You are here: Home » Resources » Oral Testimonies » Chhutta: migrant’s tale

Chhutta: migrant’s tale

Chhutta: 'Probably they don't consider us Pakistani, [but] during the election campaign they always come to take votes from us'

Chhutta is in his 80s. His family migrated to Sanghar city when their lands became unproductive due to lack of rain. They now depend on casual labour, which brings in very little income. He would like to go back to rearing and trading livestock, but without a loan it is impossible.

Like others, he feels let down by politicians: “Politics is for wealthy people; poor people have no politics.” Although he is illiterate, for many years he held a position of considerable trust and status, distributing the charitable donations expected of all Muslims who can afford them.

He believes in arranged marriages and that women should only work in the home or in the company of their men. Although he is against secular education or independent jobs for women, he recognises that a woman councillor who helped his family has broken some of those barriers.

We… migrated from Baluchistan. There also we were living in hunger and poverty. At that time we thought about the nearby city Sanghar, where we could seek some labour working on thela (carts with platforms) or with donkey carts…

In Baluchistan, our elders had their barani lands, which depended on rain water for cultivation. [But] the rain was scarce in that area and lands were lying barren [so] we migrated here… [But] there is no difference in our life; it’s the same as it was before. We are damn busy earning our livelihood with much difficulty. Neither have we saved any money nor bought any land nor built a bungalow… We are still living in huts…

We do manual labour with our children and sons and earn 100 rupees daily… None of the people in this area possesses any land or any other property… Nobody has ever helped us, neither has anybody extended any loan to us, nor has the government ever supported us and nor the elders of this goth (village)…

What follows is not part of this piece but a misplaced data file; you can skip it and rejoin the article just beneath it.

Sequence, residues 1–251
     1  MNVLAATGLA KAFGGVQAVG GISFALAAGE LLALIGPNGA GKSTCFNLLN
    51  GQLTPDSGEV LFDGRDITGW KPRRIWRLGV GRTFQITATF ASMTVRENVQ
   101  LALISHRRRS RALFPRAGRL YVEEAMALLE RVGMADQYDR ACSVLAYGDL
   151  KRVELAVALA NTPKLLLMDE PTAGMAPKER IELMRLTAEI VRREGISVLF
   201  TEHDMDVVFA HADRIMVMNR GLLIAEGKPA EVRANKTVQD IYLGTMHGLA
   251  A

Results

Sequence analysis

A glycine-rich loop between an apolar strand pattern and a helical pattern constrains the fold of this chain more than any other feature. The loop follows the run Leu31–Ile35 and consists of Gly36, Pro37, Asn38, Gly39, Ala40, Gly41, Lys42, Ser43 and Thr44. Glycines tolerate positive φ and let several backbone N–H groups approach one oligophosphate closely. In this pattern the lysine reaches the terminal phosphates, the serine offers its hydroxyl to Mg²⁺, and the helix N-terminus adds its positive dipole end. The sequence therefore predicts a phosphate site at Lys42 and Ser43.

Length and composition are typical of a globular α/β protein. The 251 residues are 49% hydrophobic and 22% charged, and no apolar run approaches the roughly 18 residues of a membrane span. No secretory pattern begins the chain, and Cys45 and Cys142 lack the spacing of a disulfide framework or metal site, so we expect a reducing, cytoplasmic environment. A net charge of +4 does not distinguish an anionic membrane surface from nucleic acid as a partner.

We all do physical labour to earn our livelihood. There are more than 100 houses here. We cut wood, or work on a thela, carry grain from one place to another, pick cotton or cut the wheat crop and earn money to feed our children… [But] we only manage to feed them… From where can we arrange expenses like buying books and paying school fees?

“They want to displace us”

I have five sons. All of them are married and…they also do physical labour… none of us is literate. We do not educate any of our family, because we do not have money. Only those who have money and have something to eat can educate their children …

The elders of the town are not providing us with water. They want to displace us from here. These people include the Karnali (local wealthy politicians, people who were originally from Punjab and settled in Sindh) and the Rais (‘sir’; title used in Sindh for landlords) …they have no concern for poor people like us…

Our young children cover a distance of one mile and then bring back water on their heads…I have pleaded repeatedly that “You are also Muslims, please provide us with water.” The [authorities] agreed but did not provide it to us as yet… Probably they are doing it due to their political affiliation or they might be discriminatory towards us.

Probably they don’t consider us Pakistani, [but] during the election campaign they always come to take votes from us and say: “We are here and we will do this and we will do that.” After the election season is over, then nobody listens to us – they do not even recognise us…

Whenever we go to their house, they say that the Rais “is sleeping”… [and] the Karnali does not listen to anybody. We have submitted at least 10 applications for loans, these loans got approved but they swindled us and did not give us a single penny. These people are of no help to the poor…

Loan applications thwarted